Jones said a less detrimental response from the president would include specific facts or points of information to rebut or contextualize information reported by the press. One result of this rhetoric is that the press is one of many democratic institutions that has been named an enemy.

“It’s one thing to suggest that a political opponent is the enemy, but to suggest that a democratic institution is the enemy … the consequences of enemy construction of the press can be pretty significant,” Jones said. “The very swift next step is the removal of individual liberties.”

Jones said the answer to this threat will be the judiciary. The judiciary allows the law to work in tandem with evolving social values, she said, and can help distinguish between empty threats against the press and actual rights and freedoms defined by the law.

The panel also discussed the hostility of President Donald Trump’s campaign in describing the press as the “enemy of the people.” Insults hurled towards the press, though made famous by our most current president, are hardly unique to the current presidential administration.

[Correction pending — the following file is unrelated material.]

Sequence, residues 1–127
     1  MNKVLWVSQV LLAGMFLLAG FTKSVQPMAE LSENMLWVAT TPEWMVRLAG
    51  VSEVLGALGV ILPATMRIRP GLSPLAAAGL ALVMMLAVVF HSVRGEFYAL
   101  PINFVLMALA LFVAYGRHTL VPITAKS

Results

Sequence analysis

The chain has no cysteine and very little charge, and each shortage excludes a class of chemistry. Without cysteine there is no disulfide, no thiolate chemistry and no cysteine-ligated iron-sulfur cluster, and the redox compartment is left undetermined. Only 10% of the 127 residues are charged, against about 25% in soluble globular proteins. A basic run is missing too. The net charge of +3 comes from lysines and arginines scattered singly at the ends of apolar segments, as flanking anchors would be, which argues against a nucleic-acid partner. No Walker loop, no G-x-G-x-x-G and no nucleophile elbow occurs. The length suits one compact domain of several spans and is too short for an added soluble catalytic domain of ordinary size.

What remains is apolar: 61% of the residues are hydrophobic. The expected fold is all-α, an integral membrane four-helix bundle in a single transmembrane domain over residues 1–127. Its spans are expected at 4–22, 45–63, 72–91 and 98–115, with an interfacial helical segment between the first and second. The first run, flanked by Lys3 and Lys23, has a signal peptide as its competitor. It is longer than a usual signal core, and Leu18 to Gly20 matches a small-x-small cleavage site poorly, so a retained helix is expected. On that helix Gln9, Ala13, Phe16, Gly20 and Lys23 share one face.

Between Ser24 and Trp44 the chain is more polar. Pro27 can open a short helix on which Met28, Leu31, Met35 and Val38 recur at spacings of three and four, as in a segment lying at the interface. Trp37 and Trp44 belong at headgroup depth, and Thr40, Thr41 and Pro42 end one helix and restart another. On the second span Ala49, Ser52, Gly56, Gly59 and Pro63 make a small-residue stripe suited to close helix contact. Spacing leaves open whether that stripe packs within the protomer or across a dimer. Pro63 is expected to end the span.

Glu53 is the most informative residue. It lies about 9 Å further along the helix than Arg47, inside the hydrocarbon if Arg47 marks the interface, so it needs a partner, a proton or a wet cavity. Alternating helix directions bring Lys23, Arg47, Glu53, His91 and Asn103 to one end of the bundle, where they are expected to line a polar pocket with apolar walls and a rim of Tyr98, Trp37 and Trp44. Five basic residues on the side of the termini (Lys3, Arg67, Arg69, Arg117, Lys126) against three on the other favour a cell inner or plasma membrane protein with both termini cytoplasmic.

Charles Tobin, media attorney at Ballard Spahr, said that previous administrations also targeted journalists. The Nixon administration was particularly adversarial towards the press; the George W. Bush and Obama administrations also had contentious relationships with journalists. What makes this administration unique, says Tobin, is that Trump has a particularly litigious nature.